Betty AldeanoItalian health care workers share testimonies of God’s presence during pandemic.

I am a person of few words, but I would like to share with you these moments of great sorrow, disappointment, fear and, at the same time, trust in the Lord as His daughter.

I was afraid, I confess. I never imagined that a virus was so powerful that it left no one to escape. During all these days I felt all kinds of feelings in my heart: anger, sadness, disappointment and fear.

I was afraid of having to change my form of life, and the possibility of changes in my work. They tell you that you will have to change departments, and go to a department where you have never worked—one with COVID-19-infected patients.

At first we didn’t have all the needed personal protection equipment (PPE). It’s bad to hear that you’re being sent to fight evil without having tools to defend your own safety.

None of you can imagine what it’s like to wear this protective equipment with a lead coat of almost 15 kilograms (33 pounds). I confess that the second time I had to wear this full-body covering, I literally had a crisis of claustrophobia. I could not breathe, and twice I had to take off the hood that covered my head. I sweated a lot, and my breath became more and more difficult. I can tell you that the whole team has had similar experiences. I thank my colleagues, who managed to reassure me during a traumatic situation in which I seemed to faint.

One day, I accompanied a patient to his room and realized the real severity of this devious and lethal disease. During the transfer, my gaze went into the rooms of the other patients and my heart broke in two. I wanted to embrace these people, because I saw the suffering and fear in their expressions.

I can only tell you to continue to pray. It is not yet over, but through the mercy of our God we can have the victory.

I thank all of you for your prayers. I am aware that God hears the requests of His children.

-Betty Aldeano works at a public hospital in Florence and attends the Florence Church of the Nazarene.


KarinaI work in a nursing home where we take care of people of different ages who are afflicted with different diseases. We used to promote many activities within and outside our facility, such as an Alzheimers café, drama, choir, music therapy, yoga, birthday parties, and walks to the lake. These activities gave pleasure to our elderly residents.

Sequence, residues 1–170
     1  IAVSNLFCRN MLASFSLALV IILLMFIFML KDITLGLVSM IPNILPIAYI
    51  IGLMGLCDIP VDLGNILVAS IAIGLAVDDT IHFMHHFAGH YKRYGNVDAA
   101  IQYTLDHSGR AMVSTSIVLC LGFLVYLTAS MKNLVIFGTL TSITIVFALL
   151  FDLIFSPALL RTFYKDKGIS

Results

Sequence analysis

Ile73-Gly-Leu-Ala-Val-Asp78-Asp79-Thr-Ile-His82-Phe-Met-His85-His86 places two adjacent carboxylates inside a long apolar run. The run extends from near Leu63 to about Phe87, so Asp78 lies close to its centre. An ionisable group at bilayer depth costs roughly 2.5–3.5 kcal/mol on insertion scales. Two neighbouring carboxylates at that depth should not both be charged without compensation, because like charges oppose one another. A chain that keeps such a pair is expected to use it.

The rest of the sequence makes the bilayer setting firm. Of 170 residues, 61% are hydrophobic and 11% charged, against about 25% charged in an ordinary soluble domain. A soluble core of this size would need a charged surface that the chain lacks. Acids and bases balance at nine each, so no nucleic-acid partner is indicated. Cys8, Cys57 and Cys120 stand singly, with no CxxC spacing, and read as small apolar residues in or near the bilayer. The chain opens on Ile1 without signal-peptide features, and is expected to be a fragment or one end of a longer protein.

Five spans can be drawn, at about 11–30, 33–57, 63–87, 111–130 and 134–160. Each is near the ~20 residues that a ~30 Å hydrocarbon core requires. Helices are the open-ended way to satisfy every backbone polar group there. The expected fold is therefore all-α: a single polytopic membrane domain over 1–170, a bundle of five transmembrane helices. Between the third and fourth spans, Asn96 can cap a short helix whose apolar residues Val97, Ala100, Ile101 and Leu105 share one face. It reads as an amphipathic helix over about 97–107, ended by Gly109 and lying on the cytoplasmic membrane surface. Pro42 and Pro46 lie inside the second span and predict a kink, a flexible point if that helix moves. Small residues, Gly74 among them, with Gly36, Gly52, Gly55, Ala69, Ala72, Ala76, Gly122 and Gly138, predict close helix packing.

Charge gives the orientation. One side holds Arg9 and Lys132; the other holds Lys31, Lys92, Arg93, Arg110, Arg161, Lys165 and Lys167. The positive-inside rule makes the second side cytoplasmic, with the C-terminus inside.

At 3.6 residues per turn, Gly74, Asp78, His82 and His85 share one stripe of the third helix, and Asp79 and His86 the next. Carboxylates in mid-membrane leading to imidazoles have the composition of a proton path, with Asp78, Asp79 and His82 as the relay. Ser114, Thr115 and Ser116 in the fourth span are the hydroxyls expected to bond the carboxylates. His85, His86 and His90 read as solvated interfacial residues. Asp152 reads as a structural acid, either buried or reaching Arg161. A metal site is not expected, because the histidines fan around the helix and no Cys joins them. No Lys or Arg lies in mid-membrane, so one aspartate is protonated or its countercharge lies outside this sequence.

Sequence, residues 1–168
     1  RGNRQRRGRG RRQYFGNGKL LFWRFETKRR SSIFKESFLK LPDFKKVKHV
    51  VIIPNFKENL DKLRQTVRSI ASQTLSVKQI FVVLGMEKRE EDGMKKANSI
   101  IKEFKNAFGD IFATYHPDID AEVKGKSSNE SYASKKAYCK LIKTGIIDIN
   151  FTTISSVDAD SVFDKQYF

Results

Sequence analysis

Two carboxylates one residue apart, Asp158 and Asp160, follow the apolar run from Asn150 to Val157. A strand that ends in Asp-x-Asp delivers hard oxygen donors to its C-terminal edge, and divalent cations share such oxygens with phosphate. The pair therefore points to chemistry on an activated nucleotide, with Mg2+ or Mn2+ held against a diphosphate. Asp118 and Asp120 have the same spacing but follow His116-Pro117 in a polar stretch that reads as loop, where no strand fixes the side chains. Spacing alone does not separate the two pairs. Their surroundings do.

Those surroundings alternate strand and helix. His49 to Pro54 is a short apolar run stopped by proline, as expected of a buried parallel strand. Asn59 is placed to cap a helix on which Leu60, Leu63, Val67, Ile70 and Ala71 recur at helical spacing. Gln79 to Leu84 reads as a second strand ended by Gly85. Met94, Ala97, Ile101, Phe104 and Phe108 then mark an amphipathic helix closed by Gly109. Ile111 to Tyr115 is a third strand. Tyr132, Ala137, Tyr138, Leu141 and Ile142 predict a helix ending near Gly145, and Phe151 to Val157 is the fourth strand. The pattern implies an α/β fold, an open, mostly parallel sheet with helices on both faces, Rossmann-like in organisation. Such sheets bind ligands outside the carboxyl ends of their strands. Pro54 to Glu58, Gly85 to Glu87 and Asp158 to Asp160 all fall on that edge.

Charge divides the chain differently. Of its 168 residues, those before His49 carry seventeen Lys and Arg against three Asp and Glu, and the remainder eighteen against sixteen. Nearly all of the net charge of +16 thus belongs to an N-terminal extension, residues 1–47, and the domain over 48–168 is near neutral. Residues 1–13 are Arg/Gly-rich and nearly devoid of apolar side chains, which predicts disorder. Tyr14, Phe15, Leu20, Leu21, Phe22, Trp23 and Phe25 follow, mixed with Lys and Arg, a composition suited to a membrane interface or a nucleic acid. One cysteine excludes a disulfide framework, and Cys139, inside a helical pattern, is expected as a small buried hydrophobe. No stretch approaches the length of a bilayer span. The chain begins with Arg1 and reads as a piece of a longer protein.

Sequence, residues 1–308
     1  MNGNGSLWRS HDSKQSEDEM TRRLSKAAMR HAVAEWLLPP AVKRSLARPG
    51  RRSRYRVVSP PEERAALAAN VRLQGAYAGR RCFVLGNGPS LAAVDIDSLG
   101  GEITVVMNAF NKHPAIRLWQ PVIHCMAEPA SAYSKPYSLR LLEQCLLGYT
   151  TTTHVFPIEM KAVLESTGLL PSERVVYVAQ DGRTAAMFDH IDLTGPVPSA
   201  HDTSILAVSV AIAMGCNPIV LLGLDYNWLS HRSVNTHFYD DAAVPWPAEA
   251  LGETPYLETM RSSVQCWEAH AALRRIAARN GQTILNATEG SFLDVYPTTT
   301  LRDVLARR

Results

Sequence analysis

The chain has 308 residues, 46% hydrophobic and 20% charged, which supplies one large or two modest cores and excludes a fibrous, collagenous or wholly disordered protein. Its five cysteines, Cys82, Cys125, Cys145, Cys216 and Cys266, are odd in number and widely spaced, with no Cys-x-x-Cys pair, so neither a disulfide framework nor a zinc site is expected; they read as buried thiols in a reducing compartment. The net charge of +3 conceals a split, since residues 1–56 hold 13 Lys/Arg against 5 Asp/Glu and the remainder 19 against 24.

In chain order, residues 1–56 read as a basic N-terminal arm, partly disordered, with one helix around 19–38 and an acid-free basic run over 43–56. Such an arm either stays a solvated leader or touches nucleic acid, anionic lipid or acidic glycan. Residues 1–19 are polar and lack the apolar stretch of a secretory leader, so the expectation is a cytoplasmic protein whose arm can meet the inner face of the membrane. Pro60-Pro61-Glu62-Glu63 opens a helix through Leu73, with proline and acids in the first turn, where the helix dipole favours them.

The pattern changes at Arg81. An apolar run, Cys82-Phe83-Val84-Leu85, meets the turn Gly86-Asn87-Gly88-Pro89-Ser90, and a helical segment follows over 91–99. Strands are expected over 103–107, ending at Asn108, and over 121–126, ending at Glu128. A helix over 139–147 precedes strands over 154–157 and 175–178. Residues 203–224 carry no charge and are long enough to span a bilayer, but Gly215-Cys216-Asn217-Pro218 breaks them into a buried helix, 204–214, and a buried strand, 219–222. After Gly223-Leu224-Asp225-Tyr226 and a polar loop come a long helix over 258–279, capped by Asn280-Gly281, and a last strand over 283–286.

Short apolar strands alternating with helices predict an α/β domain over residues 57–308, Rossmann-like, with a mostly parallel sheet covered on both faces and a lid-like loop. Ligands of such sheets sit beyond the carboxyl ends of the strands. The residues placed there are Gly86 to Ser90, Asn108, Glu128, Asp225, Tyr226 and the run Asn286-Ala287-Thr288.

The pandemic has created many limitations and tensions for our staff and residents. Our daily routine has radically changed. Above all, we are managing personal relationships with colleagues and guests differently.

A primary part of our job, usually, is to give affection and empathy to these vulnerable people through a hug or a caress. People affected with Alzheimer’s perceive our care and affection through our touch, and it is hard for them to feel it otherwise.

Not being able to do that now is a huge displeasure for them and for us. Wearing masks all the time means we cannot even show our smile.

There would be a lot to say, but I will be brief in saying that God shows me the positive side.

God works in me, renewing my strength day by day, helping me manage a new way to relate to colleagues and guests, as in this particular situation it is not easy.

 – Karin Siche is attends the Church of the Nazarene in Florence, Italy.

NiccoloNiccolò’s Story

It is difficult to summarize the multitude of thoughts as I tried very hard to keep my mind off what was going on outside. I don’t consider myself a male nurse on the front line. I can’t afford to consider myself as part of that front that is fighting against this hidden, treacherous enemy that is as invisible as a traitor.

Despite this, it was not easy to live with the idea that we were in real danger, especially knowing that some people were more vulnerable to the lethality of this pandemic.

These most vulnerable people are those who have lived through our nation’s history; people who represent the cultural past of our country; people who should be seen as authentic roots of our era and not simply as … old people.

It is precisely by working for these people that I experienced this authentic psychodrama: constantly aware of the fact that all our behavior or actions could make the difference in whether these people lived or died. Not surprisingly, the first few days were terrifying, given the pressure we experienced.

The fear of being a transmission vehicle to my patients dominated every other emotion, as if it were not enough to constantly go out for work matters. I expressed my concerns to my family, who did not know how to console me or reassure me since they, too, felt the same fear.

As humanity proves incapable of giving you an answer, here comes the One who is in control of everything, the One who is at the base and the center, not only of our world, but of our universe.

Here, too, God has been able to reveal Himself strongly, with a force such as to transform a simple act of consolation into an action of pure motivation.

In fact, He did nothing supernatural. He did not act exclusively for me because He listened to my request for help. It just made me realize what my role was at this moment in history. A role in which I simply had to carry out my job; a role in which it is necessary to work with the awareness of loving one’s patients; a role in which I do not serve only “patients”: I serve grandparents, mothers, fathers, sisters and brothers.

By playing my simple role, I can influence the lives of many people, and that’s what God allowed me to understand by simply asking for His help.

This article was previously published in the June 2020 edition of Where Worlds Meet.